A tale of magic rings and dinosaur bones,
related by classical music's Agony Aunt ALICE McVEIGH
I understand that you have been for two decades principal cello of an important amateur symphony orchestra. I wonder if you could fill me in on some of its history for an article in a magazine?
Yes, delighted. Here is a potted history of one of England's oldest and most distinguished orchestras:
Origins of local orchestra
shrouded in mists of time
Latest research suggests that the Bromley Symphony Orchestra was founded in the Paleolithic era by two twin dinasaurs, the bones of which were found (one with the tag: 'A crotchet is a crotchet!') in the grounds of Bromley High School for girls. (The other dinosaur sported the following: 'I told you I was right!")
However, an evil witch stole the magic ring from the dinosaurs, and built the Ravinsbowrne Halle, in the late 1600s, where the orchestra flourished, though consisting at the time of exactly four sackbutts, two lutes and a serpent.
Around 1750, when music in London was thriving, they lost one of the two sackbutts to Ye Olde Lundun Simphonie Orchestre, which had just been founded, to great acclaim, by Haydn and Salomon.
This failed to deter the then conductor, Ye Adrun Browne, who wrote in his diary: 'I am buggered if I lose more than one single miserable sackbutt to ye bloody City!' (The Bromley Symphonie at that time being down to one sackbutt and two recorders.)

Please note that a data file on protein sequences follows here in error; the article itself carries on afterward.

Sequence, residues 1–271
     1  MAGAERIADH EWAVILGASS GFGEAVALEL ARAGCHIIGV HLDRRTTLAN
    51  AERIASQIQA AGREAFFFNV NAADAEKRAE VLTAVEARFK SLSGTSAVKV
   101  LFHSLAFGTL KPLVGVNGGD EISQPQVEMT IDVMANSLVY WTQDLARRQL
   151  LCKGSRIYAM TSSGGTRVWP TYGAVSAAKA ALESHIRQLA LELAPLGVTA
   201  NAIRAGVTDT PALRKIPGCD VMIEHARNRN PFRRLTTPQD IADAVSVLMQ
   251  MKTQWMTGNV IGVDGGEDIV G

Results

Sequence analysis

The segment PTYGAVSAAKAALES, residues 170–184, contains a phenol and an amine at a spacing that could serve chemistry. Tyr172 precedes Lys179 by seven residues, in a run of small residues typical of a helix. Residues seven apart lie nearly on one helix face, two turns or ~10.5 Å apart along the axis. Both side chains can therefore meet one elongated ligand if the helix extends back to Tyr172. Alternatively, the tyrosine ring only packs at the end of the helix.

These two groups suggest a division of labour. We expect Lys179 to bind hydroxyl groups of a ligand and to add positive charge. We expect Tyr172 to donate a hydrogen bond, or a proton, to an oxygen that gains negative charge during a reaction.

(After the Great Plague, only one recorder.)
Things looked up in the 1800s, when Brahms came to stay with Clara Schumann's friend Elizabeth in Bromley, and dedicated a little-known work for two violins, two violas and ninety four cellos to the orchestra.
And they looked up again in the early 1900s, when Debussy agreed to conduct from the piano (a serious error) two arrangements of his Arabesques for solo piano with orchestra. (Unluckily, he got lost in the finale.)
In the late 1900s Adrian Brown took over, and the orchestra has since gone from strength to strength. There having been no more Great Plagues, it is pretty much full, except for ye double basses, anyone interested check out ye website.
Hope this is helpful.
I have an old, and very good violin, on loan from an institution. The last time I took it back to be inspected I was criticized for not having cleaned the varnish properly. But what more could I do!?? I wipe it down every single day, and also use Hill and Sons varnish cleaner, which is very respected.
Copyright © 20 February 2009
Alice McVeigh, Kent UK
This is a really tricky question. Two massively famous violin experts (mysteriously called luthiers, don't ask me why) have assured me that all one needs to do is to wipe the varnish clean, and that even the best varnish cleaners (such as Hills) are not as hot as not using any, but having luthiers clean the instrument at least annually.
However, I find that the varnish you mention gives a lovely glow, and find it really tough to remember (while messing about with writings and students and cooking and dogs) to wipe my cello every single time ...
Perhaps someone out there can advise.